- Tom Kiernan, CEO, American Wind Energy Association, AWEA Press Release, June 16, 2014.
Is that a threat, Mr. Kiernan? Because states neighboring Ohio should indeed bristle at your words. Perhaps some legislatures will even muster the bravery to follow suit and protect their citizens with wind turbine setback distances measured from property lines – the way most other safety related zoning measurements are.
Kiernan’s whine makes it sound that it is AWEA’s land that it is being made off-limits to wind development. Neither is the case.
Furthermore, the new Ohio standard is not the first of its kind, and certainly not the most restrictive. For instance, in Clifton, Maine wind turbine project developers by law must negotiate an easement with all landowners whose property line is within 4,000 ft. of a wind energy generator.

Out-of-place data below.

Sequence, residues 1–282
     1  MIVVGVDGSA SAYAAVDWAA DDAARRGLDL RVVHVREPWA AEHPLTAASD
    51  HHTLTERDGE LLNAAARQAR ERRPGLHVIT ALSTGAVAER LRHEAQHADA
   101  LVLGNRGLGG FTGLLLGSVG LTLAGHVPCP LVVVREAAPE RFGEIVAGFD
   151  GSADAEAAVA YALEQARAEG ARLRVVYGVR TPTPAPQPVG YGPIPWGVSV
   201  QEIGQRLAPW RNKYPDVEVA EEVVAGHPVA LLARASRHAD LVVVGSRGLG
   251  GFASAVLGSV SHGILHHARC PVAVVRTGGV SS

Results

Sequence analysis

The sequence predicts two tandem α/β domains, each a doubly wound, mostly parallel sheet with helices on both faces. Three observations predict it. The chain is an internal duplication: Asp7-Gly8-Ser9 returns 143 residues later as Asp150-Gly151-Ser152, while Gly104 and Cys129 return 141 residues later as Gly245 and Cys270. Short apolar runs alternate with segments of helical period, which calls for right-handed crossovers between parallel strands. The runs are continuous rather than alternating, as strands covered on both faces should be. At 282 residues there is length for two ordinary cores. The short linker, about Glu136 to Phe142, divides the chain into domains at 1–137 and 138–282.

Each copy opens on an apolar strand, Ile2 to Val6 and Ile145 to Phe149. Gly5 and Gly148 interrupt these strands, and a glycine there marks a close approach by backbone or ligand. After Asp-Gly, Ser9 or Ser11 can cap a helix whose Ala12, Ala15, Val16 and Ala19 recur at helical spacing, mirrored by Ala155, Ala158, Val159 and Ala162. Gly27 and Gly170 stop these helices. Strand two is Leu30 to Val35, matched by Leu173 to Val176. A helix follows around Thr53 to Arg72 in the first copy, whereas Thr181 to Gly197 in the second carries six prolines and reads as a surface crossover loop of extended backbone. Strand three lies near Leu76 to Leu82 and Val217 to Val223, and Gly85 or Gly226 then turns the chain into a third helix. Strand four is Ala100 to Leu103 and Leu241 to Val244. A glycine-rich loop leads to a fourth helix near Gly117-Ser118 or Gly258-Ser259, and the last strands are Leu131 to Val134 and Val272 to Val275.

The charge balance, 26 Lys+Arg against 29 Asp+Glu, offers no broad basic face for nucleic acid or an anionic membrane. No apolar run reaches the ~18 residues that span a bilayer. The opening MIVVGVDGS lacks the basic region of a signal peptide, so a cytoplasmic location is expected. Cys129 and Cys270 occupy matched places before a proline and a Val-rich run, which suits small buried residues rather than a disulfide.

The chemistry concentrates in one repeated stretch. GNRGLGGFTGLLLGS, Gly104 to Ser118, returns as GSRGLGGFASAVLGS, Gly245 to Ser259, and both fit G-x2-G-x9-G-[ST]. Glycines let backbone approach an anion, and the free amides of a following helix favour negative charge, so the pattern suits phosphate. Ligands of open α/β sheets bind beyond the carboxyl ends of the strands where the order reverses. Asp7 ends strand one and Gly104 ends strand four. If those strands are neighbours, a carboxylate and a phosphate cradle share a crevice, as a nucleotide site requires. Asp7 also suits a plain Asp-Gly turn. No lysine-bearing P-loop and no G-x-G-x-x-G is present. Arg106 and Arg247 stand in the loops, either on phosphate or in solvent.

“If Gov. Kasich is serious about this being a freeze and study, and not about defeating renewable energy, and if he wants us to believe what he says, then he simply must veto the setback,” [AWEA’s Ohio lobbyist, Dayna Baird] Payne said. “It would really be the end of the line for the industry… [a death knell].”
Whine, whine, whine on the taxpayer’s dime…. [Read more →]
June 19, 2014 No Comments
“Politicians, and wind industry shills who … deny the risks to health, are now liable to be successfully sued by wind farm victims. And so are governments, as they still refuse to measure infrasound emitted by modern wind turbines.”
In Denmark last month, 1,600 animals were born prematurely at a mink farm. Many had deformities, and most were dead on arrival. The lack of eyeballs was the most common malformation. Veterinarians ruled out food and viruses as possible causes. The only thing different at the farm since last year has been the installation of four large wind turbines only 328 meters away.
The wind farm consists of four 3 MW turbines, VESTAS model V112, reaching out to 140 meters in height at the tip of the blades. When they became operative last fall, a first mishap was reported by the mink farmer at a parliamentary committee on wind farms in January this year. 
June 13, 2014 3 Comments